Thursday September 20, 2018

Poor mental health to cost Indian economy dearly: Report

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New Delhi: With one in every five person in India suffering from some form of mental disorder, mental health-related cost would account for 20 percent of economic loss from non-communicable diseases (NCDs) between 2012 and 2030, says a new report.

The “Aarogya Bharat” report by the Healthcare Federation of India (NATHEALTH) and leading management consulting firm Bain & Company estimated an economic loss of $6.2 trillion due to NCDs between 2012 and 2030.

“Among non-communicable diseases, mental health is the largest contributor to economic loss in India. It is estimated that mental health will accord 20 percent of economic loss from NCDs 2012-2030, which is estimated at $6.2 trillion,” said Anjan Bose, secretary general, NATHEALTH, a forum of healthcare providers in India.

Mental health illness rate is very high among Indians from ages of 20 to 40, the report said.

“Mental health illness’s indirect costs are higher than direct costs,” said Samir Parikh, director, mental health & behavioural sciences, Fortis Hospital, New Delhi.

Parikh said that direct cost in mental health care includes costs of care like medication, clinic visits (fees), hospitalisation, diagnostic services, residential care, community services, rehabilitation and non-medical costs like transportation for treatment and care, etc.

“These are the value of resources used in the treatment of disease. Indirect costs are value of resources lost as a result of illness,” Parikh added.

Indirect costs due to mental health include costs related to reduced supply of labour (unemployment), reduced educational attainment, expenses for social supports, costs associated with consequences like chronic disability, homelessness, crime, suicide, homicide, caregiver burden, value of family caregiver’s time, medical complications of mental illnesses, early mortality, substance use and other unquantifiable costs like emotional burden on family etc.

“Other costs include those for health awareness campaigning,” Parikh said.

Mental health also affects economy through early retirements, negative expectations regarding employment and reduced productivity. On the whole, it leads to increase in expenditure for health system, individuals and households, the report noted.

So far as mental health in India is concerned, there is an urgent need to shift from curative approach to a preventive one, Parikh pointed out.

-IANS

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Mental Health Issues Are Not Likely to Ruin Teenagers’ Friendships, Says Study

Compared to boys, girls tend to favour extended dyadic exchanges, and so they may respond to submissive behaviour with support and empathy, which may strengthen friendship ties

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Teenagers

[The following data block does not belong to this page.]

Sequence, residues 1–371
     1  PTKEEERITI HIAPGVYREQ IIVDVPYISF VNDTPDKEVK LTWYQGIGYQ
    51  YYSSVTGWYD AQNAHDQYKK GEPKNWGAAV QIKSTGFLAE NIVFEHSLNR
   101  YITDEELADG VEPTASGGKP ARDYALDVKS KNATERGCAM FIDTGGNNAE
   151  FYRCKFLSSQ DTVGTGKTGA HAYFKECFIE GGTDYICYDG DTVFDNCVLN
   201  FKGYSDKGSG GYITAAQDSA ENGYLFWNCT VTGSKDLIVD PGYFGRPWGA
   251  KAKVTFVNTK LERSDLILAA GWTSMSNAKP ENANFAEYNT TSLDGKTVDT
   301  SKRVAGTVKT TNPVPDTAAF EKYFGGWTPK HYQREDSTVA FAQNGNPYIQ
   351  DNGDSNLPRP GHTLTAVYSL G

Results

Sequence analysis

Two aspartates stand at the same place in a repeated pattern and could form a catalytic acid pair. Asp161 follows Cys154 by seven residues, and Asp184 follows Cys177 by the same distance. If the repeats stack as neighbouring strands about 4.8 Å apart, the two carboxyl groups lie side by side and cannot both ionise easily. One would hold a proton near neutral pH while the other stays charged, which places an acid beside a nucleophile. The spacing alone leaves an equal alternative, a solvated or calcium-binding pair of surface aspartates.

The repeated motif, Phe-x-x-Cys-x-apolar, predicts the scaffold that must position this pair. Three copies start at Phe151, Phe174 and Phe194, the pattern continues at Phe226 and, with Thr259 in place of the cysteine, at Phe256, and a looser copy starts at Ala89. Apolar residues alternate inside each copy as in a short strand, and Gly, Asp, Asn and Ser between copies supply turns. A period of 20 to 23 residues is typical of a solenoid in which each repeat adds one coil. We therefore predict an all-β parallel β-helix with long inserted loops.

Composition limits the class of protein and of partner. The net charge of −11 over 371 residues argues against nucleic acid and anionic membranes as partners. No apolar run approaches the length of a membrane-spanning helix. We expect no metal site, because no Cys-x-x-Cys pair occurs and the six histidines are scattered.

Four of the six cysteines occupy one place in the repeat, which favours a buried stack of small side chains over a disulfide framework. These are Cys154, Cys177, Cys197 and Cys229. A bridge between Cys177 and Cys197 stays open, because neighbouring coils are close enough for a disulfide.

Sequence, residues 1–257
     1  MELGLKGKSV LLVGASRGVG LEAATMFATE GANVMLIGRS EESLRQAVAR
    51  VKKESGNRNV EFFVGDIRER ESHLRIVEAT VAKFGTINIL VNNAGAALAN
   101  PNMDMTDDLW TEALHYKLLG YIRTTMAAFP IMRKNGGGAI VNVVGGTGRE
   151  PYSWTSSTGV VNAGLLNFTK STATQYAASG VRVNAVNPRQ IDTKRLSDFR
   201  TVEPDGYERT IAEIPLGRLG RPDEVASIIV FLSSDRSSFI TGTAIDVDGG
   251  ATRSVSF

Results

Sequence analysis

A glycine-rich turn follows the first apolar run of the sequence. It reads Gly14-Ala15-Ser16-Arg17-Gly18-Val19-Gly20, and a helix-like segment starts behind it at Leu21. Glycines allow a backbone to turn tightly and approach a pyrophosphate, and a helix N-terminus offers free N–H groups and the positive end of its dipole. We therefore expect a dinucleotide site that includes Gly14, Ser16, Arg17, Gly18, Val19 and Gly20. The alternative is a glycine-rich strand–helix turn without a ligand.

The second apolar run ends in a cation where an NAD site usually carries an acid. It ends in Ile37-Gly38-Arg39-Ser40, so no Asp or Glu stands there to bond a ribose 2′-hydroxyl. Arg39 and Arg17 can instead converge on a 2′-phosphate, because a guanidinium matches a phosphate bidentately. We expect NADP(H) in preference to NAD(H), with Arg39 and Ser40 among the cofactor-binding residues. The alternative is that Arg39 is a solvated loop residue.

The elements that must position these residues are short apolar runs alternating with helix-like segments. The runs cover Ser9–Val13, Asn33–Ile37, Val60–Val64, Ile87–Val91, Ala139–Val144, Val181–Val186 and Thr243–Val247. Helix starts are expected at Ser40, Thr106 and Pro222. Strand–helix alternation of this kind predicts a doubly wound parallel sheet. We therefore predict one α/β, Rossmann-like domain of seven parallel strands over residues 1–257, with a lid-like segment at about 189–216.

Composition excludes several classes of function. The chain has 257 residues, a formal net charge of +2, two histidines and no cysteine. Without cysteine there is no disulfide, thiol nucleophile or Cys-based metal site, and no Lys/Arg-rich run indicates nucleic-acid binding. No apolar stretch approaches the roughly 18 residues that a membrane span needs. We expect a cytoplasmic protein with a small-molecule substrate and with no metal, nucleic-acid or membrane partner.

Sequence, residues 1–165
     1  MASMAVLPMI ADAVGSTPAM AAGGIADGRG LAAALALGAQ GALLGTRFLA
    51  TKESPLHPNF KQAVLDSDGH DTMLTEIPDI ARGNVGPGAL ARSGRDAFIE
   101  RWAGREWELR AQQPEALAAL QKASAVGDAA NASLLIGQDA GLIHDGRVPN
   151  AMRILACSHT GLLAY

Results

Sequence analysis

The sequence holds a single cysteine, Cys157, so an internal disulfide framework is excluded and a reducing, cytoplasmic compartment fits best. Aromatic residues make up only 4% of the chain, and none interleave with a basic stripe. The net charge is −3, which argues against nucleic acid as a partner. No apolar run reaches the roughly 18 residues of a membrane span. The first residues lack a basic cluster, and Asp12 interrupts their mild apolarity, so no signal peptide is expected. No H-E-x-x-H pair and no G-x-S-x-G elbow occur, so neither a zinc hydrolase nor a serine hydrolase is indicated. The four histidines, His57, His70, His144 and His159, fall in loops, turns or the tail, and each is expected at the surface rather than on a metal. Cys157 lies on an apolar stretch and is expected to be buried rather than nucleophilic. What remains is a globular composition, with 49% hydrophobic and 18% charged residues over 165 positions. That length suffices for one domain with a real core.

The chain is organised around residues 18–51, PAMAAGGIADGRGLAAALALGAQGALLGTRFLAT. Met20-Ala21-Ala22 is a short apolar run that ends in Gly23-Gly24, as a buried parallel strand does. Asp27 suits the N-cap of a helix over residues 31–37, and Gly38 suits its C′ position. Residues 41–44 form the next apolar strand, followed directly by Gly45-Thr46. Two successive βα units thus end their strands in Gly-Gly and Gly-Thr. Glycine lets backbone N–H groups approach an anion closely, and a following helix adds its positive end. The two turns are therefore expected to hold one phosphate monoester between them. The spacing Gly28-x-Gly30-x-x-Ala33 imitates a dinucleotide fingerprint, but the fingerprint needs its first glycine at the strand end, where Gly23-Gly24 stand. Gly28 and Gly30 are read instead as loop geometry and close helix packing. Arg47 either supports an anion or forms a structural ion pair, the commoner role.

Mental health may not ruin teenagers' friendships: Study. Pixabay

Teenagers with similar levels of mental health issues such as anxiety and depression are more likely to remain friends, but dissimilarites can create incidence instability, a new study has found.

“An important takeaway from our study is that children’s personal struggles need not adversely impact their social relationships,” said Brett Laursen, Professor at the Florida Atlantic University (FAU).

“Mental health issues do not necessarily ruin chances of making and maintaining worthwhile friendships,” he added.

Youth who resembled one another were more likely to remain friends from one year to the next.

“Behavioural similarity is tremendously important to a friendship. Shared feelings and shared experiences are the glue that holds a friendship together,” Laursen said.

For the study, published in the Journal of Research on Adolescence, the team included 397 adolescents (194 boys, 203 girls) in 499 same-sex friendships, who were followed from grade seven (median age 13), through to the end of high school in grade 12.

Teenagers
Youth who resembled one another were more likely to remain friends from one year to the next. Pixabay

They examined the degree to which internalising symptoms — anxiety, depression, social withdrawal and submissiveness — predicted the dissolution of teenage friendships.

In most respects, boys and girls did not differ in the factors that predicted friendship instability.

However, one notable exception was — differences on submissiveness increased friendship instability for boys, but decreased friendship instability for girls.

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“Compared with girls, boys are more competitive and confrontational in interactions with friends, suggesting that dissimilarity on submissiveness may be a liability when it comes to the activities that many boys prefer such as sports and games,” Laursen said.

“Compared to boys, girls tend to favour extended dyadic exchanges, and so they may respond to submissive behaviour with support and empathy, which may strengthen friendship ties,” he noted. (IANS)